Supreme Court lets stand rulings that three companies misclassified drivers

December 13, 2018

Tyson Fisher


Three separate lawsuits challenging the Washington State Employment Security Department’s unemployment tax were recently denied a writ of certiorari by the U.S. Supreme Court. By not hearing the cases, the Supreme Court upheld lower court rulings that the drivers had been misclassified.

The truck carriers claimed that an independent contractor exemption should apply to their operations.

On Dec. 3, the Supreme Court decided not to hear cases filed by Hatfield Enterprizes, Gulick Trucking and MacMillan-Piper in lawsuits filed against the Washington State Employment Security Department. Although similar in nature, the three lawsuits are separate. Petitions to the Supreme Court for all three suits were filed Oct. 10.

Petitions to the Supreme Court were filed after all three carriers lost their appellate case on dates ranging from October 2017 to January 2018. The Supreme Court’s denial effectively makes the appellate court rulings the final decision.

In effect, the high court ruled the companies misclassified drivers and must pay the unemployment tax.

Hatfield Enterprizes v. state of Washington Employment Security Department

Hatfield’s appellate suit was consolidated with similar lawsuits filed by two other carriers, Swanson Hay and System-TWT Transport. The consolidated cases would set precedent for the other two lawsuits denied certiorari by the Supreme Court.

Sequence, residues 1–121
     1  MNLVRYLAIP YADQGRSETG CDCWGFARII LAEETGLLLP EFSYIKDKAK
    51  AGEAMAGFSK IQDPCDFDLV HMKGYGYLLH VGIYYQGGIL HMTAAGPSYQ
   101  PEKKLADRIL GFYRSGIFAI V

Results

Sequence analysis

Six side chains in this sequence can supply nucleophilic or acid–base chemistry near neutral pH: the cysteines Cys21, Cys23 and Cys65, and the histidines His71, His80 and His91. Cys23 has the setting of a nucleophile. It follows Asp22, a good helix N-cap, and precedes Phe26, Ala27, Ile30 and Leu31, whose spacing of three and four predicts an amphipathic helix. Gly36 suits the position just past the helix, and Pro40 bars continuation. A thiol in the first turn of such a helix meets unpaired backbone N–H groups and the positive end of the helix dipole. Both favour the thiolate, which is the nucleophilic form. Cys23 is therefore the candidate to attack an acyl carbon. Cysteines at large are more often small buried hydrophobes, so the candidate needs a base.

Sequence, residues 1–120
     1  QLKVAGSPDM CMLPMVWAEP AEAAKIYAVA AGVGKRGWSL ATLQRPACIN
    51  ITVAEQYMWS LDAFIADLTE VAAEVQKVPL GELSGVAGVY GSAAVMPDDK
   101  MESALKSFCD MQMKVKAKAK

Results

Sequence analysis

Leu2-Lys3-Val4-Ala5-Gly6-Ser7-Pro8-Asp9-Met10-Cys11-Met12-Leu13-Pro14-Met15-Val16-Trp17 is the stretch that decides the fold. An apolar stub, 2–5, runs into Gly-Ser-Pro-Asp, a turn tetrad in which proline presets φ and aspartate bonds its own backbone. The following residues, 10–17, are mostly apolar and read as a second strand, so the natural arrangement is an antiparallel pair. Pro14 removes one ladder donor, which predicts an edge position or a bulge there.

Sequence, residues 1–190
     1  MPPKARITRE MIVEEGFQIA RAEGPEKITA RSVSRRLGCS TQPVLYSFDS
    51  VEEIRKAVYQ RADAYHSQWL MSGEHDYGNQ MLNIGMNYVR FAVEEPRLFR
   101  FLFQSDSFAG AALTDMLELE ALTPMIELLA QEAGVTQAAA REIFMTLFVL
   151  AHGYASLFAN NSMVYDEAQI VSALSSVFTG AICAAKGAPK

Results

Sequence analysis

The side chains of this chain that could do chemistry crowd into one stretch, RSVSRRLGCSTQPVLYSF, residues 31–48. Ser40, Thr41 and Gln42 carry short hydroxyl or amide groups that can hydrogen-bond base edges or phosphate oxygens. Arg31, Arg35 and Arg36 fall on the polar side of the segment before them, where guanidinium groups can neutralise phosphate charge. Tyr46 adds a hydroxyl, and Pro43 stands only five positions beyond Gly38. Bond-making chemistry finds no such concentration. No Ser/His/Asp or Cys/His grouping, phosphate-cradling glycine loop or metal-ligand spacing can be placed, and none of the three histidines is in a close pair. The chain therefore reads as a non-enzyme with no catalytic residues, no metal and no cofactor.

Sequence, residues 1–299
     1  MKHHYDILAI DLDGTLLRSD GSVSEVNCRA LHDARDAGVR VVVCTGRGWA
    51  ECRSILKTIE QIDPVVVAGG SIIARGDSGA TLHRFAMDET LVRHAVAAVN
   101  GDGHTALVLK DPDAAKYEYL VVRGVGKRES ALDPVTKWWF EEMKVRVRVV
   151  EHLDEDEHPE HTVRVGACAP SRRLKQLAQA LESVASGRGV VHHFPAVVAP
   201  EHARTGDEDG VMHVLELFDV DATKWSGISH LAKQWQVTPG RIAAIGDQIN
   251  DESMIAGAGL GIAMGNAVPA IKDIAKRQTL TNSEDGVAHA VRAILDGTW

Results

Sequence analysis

On appeal, the carriers challenged a lower court’s ruling in favor of the Employment Security Department regarding unemployment taxes assessed on payments for services to owner-operators. Hatfield was found to have misclassified 15 contractors and was assessed taxes and penalties of nearly $14,000. The lower court ordered that the assessment be reduced to 30 percent of that amount to account for the fact that the employment department relied on payment amounts approximately 70 percent of which were for equipment rather than driving services.

Similar to Title IX of the Social Security Act of 1935, the state act imposes a tax on employers on wages paid for the purpose of creating an unemployment benefit fund.

Under the act, payments to those engaged in an “independent enterprise” are exempt. A three-prong measurement is used to determine independence:

  1. Freedom from control.
  2. Independent business character or location.
  3. Independently established enterprise.

If just one of the three requirements is not satisfied, the wages are not exempt for the employer.

In the context of “freedom of control,” the court determined the following:

  • Hatfield’s lease agreement with their owner-operators gave the carriers exclusive control and possession of their owner-operators’ trucking equipment.
  • Hatfield’s agreement required owner-operators to mark their equipment with the carrier’s name, address, and operating authority number.
  • Hatfield required owner-operators to comply with all rules and regulations applicable to their operations, and it reserved the right to immediately terminate their lease in the event of a violation.
  • Hatfield billed customers and paid the owner-operators for transporting their customers’ freight.